Narrow-table model

Most time-series databases would represent this data in the following way:

  • Represent each metric as a separate entity (for example, represent cpu_1m_avg and free_mem as two different things)
  • Store a sequence of "time," "value" pairs for that metric
  • Represent the metadata values as a "tag-set" associated with that metric/tag-set combination

In this model, each metric/tag-set combination is considered an individual "time series" containing a sequence of time/value pairs.

In this example, the approach would result in 9 different time series, each of which is defined by a unique set of tags.

1. {name:  cpu_1m_avg,  device_id: abc123,  location_id: 335,  dev_type: field}
2. {name:  cpu_1m_avg,  device_id: def456,  location_id: 335,  dev_type: roof}
3. {name:  cpu_1m_avg,  device_id: ghi789,  location_id:  77,  dev_type: roof}
4. {name:    free_mem,  device_id: abc123,  location_id: 335,  dev_type: field}
5. {name:    free_mem,  device_id: def456,  location_id: 335,  dev_type: roof}
6. {name:    free_mem,  device_id: ghi789,  location_id:  77,  dev_type: roof}
7. {name: temperature,  device_id: abc123,  location_id: 335,  dev_type: field}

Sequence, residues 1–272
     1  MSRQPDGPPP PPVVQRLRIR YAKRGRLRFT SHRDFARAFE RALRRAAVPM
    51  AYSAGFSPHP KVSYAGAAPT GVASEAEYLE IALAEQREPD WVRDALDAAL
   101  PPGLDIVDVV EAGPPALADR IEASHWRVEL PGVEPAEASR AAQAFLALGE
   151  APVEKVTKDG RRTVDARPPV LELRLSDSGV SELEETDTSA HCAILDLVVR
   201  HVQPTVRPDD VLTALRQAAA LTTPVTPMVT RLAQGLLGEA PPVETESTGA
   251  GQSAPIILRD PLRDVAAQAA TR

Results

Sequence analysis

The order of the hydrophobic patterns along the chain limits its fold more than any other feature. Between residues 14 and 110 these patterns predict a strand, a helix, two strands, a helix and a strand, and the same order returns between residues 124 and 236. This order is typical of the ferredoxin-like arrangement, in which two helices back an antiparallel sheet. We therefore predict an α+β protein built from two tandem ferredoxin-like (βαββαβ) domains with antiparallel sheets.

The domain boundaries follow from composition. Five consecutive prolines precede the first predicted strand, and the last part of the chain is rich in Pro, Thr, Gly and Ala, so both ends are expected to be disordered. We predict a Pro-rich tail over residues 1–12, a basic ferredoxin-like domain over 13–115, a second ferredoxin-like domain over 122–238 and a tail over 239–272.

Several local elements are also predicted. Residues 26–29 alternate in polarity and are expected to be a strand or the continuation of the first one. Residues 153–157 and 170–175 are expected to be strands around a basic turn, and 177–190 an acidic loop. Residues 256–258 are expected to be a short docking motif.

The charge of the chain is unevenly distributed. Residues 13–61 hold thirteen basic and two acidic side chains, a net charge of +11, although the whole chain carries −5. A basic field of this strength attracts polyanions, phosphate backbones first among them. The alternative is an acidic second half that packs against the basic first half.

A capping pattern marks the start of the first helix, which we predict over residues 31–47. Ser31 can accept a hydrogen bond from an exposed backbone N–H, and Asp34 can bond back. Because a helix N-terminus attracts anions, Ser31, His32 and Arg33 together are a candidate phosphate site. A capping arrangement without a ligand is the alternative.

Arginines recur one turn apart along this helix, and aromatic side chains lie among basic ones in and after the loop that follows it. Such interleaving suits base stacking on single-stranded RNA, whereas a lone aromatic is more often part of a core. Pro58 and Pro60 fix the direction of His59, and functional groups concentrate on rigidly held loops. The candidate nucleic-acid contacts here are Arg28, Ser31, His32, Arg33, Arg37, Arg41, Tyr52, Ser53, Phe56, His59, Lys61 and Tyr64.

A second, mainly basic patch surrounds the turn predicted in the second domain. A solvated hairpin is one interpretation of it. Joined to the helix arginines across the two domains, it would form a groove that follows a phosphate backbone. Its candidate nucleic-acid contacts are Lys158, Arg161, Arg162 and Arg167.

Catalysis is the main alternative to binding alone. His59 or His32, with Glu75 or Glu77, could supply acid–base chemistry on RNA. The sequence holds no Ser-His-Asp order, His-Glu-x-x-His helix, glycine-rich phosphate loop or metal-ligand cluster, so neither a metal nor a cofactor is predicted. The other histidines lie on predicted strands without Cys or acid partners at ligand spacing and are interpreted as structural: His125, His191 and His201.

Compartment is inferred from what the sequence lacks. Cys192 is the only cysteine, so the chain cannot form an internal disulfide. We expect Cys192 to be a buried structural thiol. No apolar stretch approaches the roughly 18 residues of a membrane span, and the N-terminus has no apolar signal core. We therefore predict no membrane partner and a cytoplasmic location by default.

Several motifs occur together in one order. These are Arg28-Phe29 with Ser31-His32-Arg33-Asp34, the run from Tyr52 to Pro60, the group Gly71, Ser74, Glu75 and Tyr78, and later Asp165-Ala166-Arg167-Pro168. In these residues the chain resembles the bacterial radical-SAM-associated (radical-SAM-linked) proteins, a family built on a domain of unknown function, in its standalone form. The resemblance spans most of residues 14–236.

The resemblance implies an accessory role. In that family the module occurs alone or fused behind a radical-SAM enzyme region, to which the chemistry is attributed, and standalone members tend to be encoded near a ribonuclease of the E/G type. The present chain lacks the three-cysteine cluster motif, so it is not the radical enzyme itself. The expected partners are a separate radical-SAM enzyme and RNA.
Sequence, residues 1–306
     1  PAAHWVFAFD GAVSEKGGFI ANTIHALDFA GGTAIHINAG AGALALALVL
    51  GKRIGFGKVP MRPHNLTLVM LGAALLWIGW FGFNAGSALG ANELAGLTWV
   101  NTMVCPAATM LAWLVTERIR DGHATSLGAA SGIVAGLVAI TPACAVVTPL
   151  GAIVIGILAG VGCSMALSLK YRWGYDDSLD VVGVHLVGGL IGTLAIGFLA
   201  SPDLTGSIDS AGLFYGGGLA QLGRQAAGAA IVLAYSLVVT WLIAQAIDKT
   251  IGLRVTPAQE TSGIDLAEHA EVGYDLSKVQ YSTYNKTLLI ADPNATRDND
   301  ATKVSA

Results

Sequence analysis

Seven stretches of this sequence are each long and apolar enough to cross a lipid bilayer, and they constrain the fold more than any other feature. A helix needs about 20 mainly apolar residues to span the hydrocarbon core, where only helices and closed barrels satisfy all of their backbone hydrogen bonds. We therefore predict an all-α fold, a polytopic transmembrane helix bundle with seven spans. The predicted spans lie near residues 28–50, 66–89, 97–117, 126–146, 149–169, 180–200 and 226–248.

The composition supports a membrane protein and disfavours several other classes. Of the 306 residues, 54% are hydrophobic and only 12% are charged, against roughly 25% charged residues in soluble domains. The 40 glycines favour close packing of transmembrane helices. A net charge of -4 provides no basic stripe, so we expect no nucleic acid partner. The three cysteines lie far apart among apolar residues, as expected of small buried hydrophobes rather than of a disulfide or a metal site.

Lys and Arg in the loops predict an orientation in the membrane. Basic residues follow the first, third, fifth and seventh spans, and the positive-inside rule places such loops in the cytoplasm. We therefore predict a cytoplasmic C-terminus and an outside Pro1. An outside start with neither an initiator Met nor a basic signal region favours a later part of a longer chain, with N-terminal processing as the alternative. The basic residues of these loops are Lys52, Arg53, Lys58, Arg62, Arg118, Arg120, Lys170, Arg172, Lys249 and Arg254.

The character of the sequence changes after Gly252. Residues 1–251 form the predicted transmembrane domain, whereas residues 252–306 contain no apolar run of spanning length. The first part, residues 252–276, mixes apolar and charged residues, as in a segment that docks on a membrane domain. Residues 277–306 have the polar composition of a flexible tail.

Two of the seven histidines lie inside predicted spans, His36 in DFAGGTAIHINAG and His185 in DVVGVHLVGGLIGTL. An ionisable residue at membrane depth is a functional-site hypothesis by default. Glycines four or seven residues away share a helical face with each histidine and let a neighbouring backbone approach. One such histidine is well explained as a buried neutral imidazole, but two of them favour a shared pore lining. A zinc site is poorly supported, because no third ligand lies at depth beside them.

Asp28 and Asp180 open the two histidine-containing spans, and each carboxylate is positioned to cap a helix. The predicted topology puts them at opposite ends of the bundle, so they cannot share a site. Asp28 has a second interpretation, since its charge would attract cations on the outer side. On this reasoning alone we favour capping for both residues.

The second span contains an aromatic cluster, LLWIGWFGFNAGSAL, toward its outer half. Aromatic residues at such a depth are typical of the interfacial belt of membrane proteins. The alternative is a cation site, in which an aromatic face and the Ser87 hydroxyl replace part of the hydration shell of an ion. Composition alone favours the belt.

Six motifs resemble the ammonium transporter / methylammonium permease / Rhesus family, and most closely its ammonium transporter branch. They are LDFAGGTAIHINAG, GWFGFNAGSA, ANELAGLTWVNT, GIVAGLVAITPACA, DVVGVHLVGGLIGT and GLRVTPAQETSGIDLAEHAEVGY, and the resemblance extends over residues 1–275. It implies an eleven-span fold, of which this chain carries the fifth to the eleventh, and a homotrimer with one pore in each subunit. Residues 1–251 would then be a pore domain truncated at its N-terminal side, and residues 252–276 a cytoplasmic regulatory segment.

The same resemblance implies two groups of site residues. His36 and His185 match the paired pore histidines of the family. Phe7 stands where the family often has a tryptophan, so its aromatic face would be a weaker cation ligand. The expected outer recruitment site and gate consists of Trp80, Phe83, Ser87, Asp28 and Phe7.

8. {name: temperature,  device_id: def456,  location_id: 335,  dev_type: roof}
9. {name: temperature,  device_id: ghi789,  location_id:  77,  dev_type: roof}

In general, your model has as many time series as the cardinality of all your tags multiplied together. For example, if name has 10 possible values, device_id has 5 possible values, location_id has 2 possible values, and dev_type has 2 possible values, your model has 200 time series. Some time-series databases struggle as cardinality increases. This limits the number of device types and devices you can store in a single database.

TimescaleDB supports narrow models and does not suffer from the same cardinality limitations as other time-series databases. A narrow model makes sense if you collect each metric independently. It also allows you to add new metrics as you go, by adding a new tag without requiring a formal schema change.

However, a narrow model is not as performant if you are collecting many metrics with the same timestamp, since it requires writing a timestamp for each metric. This ultimately results in higher storage and ingest requirements. Further, queries that correlate different metrics are also more complex, since each additional metric you want to correlate requires another JOIN. If you typically query multiple metrics together, it is both faster and easier to store them in a wide table format.

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